As my classmates and I quickly approach our final Fall semester, I’m beginning to panic. That’s natural, right? I’m a 42-year-old grad student, mother of two grown boys and wife of 23 years. I am most definitely not panicking about going out into the real world. I am not fearful of leaving the security of my college campus, because I’m an online graduate student in online communications. The panic is much smaller, shorter-term and probably unfounded.
For our final semester, we will be putting everything we learned to use in a capstone project with a non-profit organization. I’m excited about the opportunity, but a little freaked out about trying to remember all the steps of working with clients, all the programs we’ve learned, and all the coding. I’m going to need a big refresher. When I panic, what do I do? research. What is it with me and research? It’s the sickest hobby I’ve ever heard of.
I came across this fabulous article on user experience in Smashing Magazine, called “Beyond Wireframing: The Real-Life UX Design Process“. That caught my attention because we learned about this process, but in theory. Hearing about it applied in action piqued my curiosity.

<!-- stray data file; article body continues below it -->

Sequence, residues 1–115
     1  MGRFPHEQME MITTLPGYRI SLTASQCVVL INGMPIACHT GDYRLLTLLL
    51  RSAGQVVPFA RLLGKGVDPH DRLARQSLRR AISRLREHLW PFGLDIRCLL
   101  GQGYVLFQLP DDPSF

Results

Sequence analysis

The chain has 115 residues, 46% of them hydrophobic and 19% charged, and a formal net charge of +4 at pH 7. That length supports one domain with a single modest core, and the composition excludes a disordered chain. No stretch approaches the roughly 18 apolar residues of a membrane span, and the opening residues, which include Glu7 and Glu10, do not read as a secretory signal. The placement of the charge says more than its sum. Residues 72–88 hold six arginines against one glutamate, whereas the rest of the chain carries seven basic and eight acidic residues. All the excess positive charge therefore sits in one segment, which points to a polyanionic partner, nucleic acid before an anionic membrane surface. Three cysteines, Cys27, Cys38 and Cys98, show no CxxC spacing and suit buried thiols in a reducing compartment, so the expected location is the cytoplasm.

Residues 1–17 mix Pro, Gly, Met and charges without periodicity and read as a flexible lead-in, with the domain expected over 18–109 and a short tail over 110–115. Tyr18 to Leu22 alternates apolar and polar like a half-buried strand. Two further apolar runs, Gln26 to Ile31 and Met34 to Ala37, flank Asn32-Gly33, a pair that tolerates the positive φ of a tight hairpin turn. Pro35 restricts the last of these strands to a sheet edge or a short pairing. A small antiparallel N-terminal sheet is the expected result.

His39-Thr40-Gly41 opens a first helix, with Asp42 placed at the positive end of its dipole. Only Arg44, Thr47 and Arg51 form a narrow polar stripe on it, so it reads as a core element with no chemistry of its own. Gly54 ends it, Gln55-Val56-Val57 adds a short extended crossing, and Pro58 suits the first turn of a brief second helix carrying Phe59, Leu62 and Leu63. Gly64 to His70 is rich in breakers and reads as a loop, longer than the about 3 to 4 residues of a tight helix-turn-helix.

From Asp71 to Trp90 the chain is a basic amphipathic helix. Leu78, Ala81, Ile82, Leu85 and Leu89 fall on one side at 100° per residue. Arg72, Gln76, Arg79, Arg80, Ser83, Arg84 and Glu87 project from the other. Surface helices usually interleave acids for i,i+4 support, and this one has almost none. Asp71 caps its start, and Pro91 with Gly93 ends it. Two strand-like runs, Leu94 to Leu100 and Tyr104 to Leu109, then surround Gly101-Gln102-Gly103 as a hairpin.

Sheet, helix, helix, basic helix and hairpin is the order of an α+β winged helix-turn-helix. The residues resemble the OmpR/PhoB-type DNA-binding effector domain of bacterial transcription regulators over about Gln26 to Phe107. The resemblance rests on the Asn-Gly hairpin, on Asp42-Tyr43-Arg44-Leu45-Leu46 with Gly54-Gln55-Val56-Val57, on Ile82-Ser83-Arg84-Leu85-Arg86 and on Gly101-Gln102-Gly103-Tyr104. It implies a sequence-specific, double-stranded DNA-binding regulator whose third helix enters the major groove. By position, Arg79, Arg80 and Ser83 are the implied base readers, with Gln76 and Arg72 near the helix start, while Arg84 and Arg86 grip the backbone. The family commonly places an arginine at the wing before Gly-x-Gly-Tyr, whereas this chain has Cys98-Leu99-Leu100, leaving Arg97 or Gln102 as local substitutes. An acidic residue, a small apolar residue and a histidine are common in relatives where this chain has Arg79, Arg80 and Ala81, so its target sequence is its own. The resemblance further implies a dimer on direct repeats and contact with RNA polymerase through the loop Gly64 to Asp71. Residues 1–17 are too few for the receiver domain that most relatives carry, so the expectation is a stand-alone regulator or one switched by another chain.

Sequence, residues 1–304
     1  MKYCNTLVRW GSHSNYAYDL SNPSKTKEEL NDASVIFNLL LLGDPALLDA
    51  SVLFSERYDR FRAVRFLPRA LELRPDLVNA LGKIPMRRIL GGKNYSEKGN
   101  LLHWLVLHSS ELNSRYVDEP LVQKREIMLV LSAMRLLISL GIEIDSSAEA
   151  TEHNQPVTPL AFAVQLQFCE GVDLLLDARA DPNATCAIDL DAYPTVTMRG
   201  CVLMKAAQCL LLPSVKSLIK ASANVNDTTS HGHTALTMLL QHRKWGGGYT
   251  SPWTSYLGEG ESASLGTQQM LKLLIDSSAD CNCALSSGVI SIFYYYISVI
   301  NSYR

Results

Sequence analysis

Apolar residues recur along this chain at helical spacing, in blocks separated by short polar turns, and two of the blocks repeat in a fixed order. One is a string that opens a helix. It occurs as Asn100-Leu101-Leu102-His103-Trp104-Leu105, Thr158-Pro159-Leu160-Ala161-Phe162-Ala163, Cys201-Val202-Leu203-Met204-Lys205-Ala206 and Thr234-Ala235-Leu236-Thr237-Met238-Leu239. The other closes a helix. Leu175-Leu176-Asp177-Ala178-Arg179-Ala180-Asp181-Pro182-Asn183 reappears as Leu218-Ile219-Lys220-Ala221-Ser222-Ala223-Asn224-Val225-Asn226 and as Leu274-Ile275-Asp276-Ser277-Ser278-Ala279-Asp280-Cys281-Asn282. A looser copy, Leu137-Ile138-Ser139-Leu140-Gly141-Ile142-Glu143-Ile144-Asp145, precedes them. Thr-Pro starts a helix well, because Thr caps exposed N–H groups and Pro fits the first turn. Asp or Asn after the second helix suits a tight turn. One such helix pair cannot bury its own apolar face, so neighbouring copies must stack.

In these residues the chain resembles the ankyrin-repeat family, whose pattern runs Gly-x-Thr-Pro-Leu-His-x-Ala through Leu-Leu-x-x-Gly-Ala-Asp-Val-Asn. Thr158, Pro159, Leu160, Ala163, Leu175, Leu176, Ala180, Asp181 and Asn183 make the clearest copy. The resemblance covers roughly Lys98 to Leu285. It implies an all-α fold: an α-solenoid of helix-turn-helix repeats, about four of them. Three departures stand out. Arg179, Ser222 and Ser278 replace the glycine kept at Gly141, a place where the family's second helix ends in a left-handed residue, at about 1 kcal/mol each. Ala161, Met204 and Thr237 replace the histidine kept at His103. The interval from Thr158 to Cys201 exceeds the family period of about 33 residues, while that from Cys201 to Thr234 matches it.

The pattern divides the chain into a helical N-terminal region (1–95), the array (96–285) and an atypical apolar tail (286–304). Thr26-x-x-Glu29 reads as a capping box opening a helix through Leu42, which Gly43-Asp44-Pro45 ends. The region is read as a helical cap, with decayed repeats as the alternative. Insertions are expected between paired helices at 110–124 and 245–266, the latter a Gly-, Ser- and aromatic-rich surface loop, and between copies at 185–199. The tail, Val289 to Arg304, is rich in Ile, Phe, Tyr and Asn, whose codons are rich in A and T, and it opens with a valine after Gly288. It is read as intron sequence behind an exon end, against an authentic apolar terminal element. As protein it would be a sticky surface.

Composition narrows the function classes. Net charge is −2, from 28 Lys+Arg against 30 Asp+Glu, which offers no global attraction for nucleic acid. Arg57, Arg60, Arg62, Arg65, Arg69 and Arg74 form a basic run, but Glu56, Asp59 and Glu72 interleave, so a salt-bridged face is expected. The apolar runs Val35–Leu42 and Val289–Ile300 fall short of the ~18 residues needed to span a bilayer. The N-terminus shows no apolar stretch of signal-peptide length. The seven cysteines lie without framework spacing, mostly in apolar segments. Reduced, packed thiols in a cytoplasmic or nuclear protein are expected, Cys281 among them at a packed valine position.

Marcin Treder and his design group decided to talk to designers about their processes and found common elements regardless of the clients and businesses they were designer for. The process ends up looking something like this:
- Collect information about the problem. This means meeting with the client, identifying product’s requirements, benchmarking, and trend analysis.
- Getting ready to design. Ideation is the name of the game here, in addition to design refinement. Lo-fi prototypes are a great starting point (see Adaptive Path’s multipage templates), but are good for testing.
- Design. Sketches, wireframes, and prototypes are handed off to the developer, hi-fi design left for the visual designers.
- Approval. Create presentation to tell stakeholders the design story – stages of the process, deliverables, interactions.
In almost all cases studied, Treder and his colleagues found three recurring issues across the board.
- Spreading an understanding of the design process. (UX designers vs. visual designers)
- Communication within the team.
- Demonstrating the process to get buy-in.
Solving these three issues could be the recipe to increase UX design effectiveness.